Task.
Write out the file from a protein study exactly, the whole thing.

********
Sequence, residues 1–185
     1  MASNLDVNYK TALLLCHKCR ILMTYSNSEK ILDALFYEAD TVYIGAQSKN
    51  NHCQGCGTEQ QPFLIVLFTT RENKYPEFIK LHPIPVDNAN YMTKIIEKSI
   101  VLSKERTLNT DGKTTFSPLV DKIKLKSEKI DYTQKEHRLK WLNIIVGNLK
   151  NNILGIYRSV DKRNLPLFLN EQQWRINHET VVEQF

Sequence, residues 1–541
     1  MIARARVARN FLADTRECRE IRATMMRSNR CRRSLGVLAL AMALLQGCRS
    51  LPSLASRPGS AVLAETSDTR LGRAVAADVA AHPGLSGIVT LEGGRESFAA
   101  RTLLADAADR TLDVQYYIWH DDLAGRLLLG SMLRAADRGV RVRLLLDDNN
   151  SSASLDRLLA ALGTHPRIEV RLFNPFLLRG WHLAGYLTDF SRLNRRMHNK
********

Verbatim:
Sequence, residues 1–185
     1  MASNLDVNYK TALLLCHKCR ILMTYSNSEK ILDALFYEAD TVYIGAQSKN
    51  NHCQGCGTEQ QPFLIVLFTT RENKYPEFIK LHPIPVDNAN YMTKIIEKSI
   101  VLSKERTLNT DGKTTFSPLV DKIKLKSEKI DYTQKEHRLK WLNIIVGNLK
   151  NNILGIYRSV DKRNLPLFLN EQQWRINHET VVEQF

Sequence, residues 1–541
     1  MIARARVARN FLADTRECRE IRATMMRSNR CRRSLGVLAL AMALLQGCRS
    51  LPSLASRPGS AVLAETSDTR LGRAVAADVA AHPGLSGIVT LEGGRESFAA
   101  RTLLADAADR TLDVQYYIWH DDLAGRLLLG SMLRAADRGV RVRLLLDDNN
   151  SSASLDRLLA ALGTHPRIEV RLFNPFLLRG WHLAGYLTDF SRLNRRMHNK